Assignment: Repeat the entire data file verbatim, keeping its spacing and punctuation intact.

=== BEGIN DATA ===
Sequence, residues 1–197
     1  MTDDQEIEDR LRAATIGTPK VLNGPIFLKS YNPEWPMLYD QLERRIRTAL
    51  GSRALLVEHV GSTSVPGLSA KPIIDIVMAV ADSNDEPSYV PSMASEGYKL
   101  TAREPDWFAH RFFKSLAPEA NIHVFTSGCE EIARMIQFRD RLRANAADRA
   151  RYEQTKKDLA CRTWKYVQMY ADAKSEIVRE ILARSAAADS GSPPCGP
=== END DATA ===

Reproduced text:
Sequence, residues 1–197
     1  MTDDQEIEDR LRAATIGTPK VLNGPIFLKS YNPEWPMLYD QLERRIRTAL
    51  GSRALLVEHV GSTSVPGLSA KPIIDIVMAV ADSNDEPSYV PSMASEGYKL
   101  TAREPDWFAH RFFKSLAPEA NIHVFTSGCE EIARMIQFRD RLRANAADRA
   151  RYEQTKKDLA CRTWKYVQMY ADAKSEIVRE ILARSAAADS GSPPCGP